GSN’s “Skin Wars” Feature Young Breast Cancer Survivors on June 8
By BCRF | June 8, 2016
By BCRF | June 8, 2016
Felicity was diagnosed with invasive estrogen-positive breast cancer on February 26, 2013, one week before her 29th birthday. She found a lump a few months prior and was referred to a doctor who was confident it was a benign cyst – that it could not be cancerous – because of her young age. After multiple tests, the result was positive.
“He didn’t look at me when he said I had cancer,” said Felicity. “I had so many questions; ‘Am I going to lose my hair? Am I going to die?’ and all he could say was ‘I don’t know.’”
She went on to find a surgeon at Memorial Sloan Kettering Cancer Center who was able to work on a treatment plan with her. After opting for a lumpectomy, Felicity took the OncotypeDx test, a test that analyzes a group of genes to determine how a cancer is likely to behave and respond to treatment. The test came unclear whether the benefits of chemotherapy outweigh the risks of side effects. She was left to choose to forego or undergo treatment on her own.
While determining to enter the long road of chemotherapy, Felicity was also experiencing emotional hurdles that affect young women with breast cancer. She was planning on undergoing costly fertility preservation treatment, all while managing being in a young relationship. Eventually she opted out of chemotherapy and instead underwent radiation and ovarian suppression. The latter forces the body into temporary menopause in order to decrease the amount of estrogen in the body, and as a result, lessens the chances of feeding the estrogen receptor-positive tumor. She is now on Tamoxifen for the next 10 years.
“Cancer’s not over when it’s over,” said Felicity. She has dealt with depression, sexual health problems, joint pain, hot flashes and many more side effects from treatment. She utilizes therapy and yoga to cope.
“I felt so alone throughout my process, until I made friends who had been through it. Regardless of how we went about it, or if our ideals are different, there is so much value in speaking to someone who ‘gets it.’”
Sharing her story nationwide
Shortly after her diagnosis and the beginning of treatment, Felicity joined the Young Survival Coalition, an organization dedicated to the critical issues unique to young women who are diagnosed with breast cancer. They put a call out on Facebook for survivors to participate in “Skin Wars,” a body-painting competition TV show on GSN that welcomes 12 new contestants to compete in weekly challenges for a shot at winning a prize package. Each week there is a different competition theme, and Felicity was chosen to participate in a special episode where the artists are asked to paint a representation of a survivor’s breast cancer journey using their body as a canvas.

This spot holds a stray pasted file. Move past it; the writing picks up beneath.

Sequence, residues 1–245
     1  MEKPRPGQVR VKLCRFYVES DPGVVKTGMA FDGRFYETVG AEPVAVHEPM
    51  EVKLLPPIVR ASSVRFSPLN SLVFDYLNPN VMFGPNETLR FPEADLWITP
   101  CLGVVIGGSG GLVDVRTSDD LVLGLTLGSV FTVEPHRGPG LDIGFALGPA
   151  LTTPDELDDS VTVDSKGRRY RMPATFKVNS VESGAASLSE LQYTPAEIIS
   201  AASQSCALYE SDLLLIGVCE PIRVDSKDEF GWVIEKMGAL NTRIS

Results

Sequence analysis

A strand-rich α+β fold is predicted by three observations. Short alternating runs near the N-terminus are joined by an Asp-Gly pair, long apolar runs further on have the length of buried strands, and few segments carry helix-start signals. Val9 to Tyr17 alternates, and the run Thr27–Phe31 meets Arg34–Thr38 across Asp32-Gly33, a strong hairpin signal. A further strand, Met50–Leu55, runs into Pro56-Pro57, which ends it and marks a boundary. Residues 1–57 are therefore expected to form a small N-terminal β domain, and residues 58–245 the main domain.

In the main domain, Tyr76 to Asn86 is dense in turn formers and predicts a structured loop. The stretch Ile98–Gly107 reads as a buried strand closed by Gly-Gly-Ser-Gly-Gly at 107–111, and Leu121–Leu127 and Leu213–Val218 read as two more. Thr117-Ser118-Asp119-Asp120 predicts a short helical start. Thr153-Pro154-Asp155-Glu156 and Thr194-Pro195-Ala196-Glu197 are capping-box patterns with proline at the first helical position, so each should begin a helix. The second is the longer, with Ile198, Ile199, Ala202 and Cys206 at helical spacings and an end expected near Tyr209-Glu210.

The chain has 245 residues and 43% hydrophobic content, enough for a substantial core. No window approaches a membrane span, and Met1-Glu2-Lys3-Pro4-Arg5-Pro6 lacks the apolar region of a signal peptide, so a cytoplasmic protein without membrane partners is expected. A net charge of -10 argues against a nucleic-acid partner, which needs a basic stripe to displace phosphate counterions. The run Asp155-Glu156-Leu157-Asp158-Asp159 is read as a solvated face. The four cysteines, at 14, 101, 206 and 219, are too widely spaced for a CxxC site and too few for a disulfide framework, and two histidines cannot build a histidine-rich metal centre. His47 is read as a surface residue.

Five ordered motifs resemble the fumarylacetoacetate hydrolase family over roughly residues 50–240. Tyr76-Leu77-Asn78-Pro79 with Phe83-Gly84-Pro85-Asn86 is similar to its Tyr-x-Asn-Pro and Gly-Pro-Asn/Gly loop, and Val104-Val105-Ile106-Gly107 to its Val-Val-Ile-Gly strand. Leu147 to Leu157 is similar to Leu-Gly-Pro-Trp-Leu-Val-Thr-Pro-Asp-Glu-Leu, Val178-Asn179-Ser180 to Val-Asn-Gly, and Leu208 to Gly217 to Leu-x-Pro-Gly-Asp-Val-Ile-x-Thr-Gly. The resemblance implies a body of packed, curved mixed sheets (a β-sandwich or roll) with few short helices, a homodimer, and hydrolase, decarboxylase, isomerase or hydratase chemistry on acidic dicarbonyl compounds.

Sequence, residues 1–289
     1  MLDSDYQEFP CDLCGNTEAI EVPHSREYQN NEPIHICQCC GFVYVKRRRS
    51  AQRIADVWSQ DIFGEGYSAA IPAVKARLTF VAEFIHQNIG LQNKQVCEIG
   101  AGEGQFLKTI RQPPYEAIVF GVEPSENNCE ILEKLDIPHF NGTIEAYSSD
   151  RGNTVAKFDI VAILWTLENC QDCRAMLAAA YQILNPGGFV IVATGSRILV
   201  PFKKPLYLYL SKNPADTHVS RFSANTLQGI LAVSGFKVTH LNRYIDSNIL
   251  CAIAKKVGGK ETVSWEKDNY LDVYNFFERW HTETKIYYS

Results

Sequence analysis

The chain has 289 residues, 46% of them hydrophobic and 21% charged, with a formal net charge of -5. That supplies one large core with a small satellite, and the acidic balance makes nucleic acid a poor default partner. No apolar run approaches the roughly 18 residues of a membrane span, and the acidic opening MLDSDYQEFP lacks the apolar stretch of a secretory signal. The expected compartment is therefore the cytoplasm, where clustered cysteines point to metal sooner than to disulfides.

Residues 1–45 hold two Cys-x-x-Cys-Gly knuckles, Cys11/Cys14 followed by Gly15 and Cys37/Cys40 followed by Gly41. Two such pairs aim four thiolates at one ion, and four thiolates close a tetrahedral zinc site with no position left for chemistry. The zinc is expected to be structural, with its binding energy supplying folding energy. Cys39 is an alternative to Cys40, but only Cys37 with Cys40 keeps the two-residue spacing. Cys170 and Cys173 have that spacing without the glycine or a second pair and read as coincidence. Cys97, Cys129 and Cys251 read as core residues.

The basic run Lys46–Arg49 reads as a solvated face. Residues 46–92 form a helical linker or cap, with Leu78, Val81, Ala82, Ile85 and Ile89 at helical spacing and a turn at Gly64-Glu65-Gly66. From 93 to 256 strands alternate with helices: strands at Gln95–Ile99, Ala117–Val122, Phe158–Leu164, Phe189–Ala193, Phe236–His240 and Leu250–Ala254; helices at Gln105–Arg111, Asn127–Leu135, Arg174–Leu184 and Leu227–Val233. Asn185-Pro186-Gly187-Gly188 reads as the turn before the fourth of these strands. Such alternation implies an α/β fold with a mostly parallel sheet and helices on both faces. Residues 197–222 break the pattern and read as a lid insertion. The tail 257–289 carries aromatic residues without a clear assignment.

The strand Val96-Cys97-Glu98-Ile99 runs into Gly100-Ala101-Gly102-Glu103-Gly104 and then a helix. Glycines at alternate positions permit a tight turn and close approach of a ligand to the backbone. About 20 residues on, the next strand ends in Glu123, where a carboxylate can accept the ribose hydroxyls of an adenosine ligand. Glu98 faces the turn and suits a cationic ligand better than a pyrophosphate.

As a women’s health advocate, particularly for metastatic research, Felicity used this as an opportunity to promote breast cancer awareness on a nationwide level.
“The best part about participating in 'Skin Wars' was meeting other girls [in the competition] who had been through it, too. It was lovely to spend the day with these young survivors, we felt connected,” Felicity said. “Even after just two days of filming there was a wonderful bond that brought us all together.”
Today, Felicity resides in New York City and focuses on sharing the stories and advocating on behalf of young women living with the disease and championing women’s rights through her documentary filmmaking and photography.
“The few things that I care about most post-breast cancer is showing the world that young women can and do get breast cancer,” said Felicity. “I want young women to see that there are people out there that can support you, and we can feel connected even when we feel isolated or depressed.”
The “Survive and Thrive” episode airs tonight on GSN 9:00pm.
When you give to BCRF, you're funding critical hours in the lab. More time for research means longer, healthier lives for the ones we love.